I was discussing the current financial crisis with some friends recently, and we came up with a rather simple truth: The underlying problem of the crisis was too many people spending more money than they earned, living on credit and investment gains that only existed on paper. Thus now they'll have to save for a while, to pay back debt and accumulate a real financial cushion, before they can go and spend again. And when we were discussing guild policies on how to distribute raid loot, I suddenly realized that the same simple truth is also valid for that situation: If you give your main tank first choice of all loot, and equip him faster than everyone else, then at some point he'll have all the loot he can get with your guild at the current level, while the rest of the guild is still catching up. Just as in the long run you can't spend more money than you can earn, in the long run you can't always gain loot faster than your guild. At some point the main tank will have to wait for everyone to catch up, so the next raid dungeon becomes accessible.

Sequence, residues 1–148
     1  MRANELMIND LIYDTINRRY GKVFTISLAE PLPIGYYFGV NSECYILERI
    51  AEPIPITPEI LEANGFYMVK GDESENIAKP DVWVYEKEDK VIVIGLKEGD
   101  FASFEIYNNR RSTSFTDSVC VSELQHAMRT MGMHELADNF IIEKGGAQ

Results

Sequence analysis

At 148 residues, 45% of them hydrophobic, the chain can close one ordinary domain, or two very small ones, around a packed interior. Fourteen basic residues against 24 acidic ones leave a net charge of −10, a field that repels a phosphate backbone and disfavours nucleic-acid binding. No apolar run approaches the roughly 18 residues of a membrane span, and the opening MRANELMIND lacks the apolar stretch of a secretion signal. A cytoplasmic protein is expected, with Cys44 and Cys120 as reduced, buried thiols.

That explains a lot of things. For example why it is usually the main tank who is at some point complaining that the guild isn't advancing fast enough: He got used to fast track gearing up, and is now unhappy with the inevitable wait for the others to catch up. It also explains why main tanks are quite often among those who hop from their current guild to the next higher guild: By simply exchanging your guild mates for a better equipped lot, you can get back onto the fast track again.
So for a guild to equip their main tank first is only a good idea if the guy is extremely patient and helpful, and doesn't mind to use his thus gained gear to help everyone else get equipped as well. If the main tank is highly ambitious on the other hand, giving him loot priority only prepares the next guild drama, where he either complains, or leaves, or both. Just like you can't escape basic economics and live beyond your means in the real world, a guild can't live beyond their means by equipping only a few people well, not in the long run. Albeit as Keynes said, in the long run we are all dead.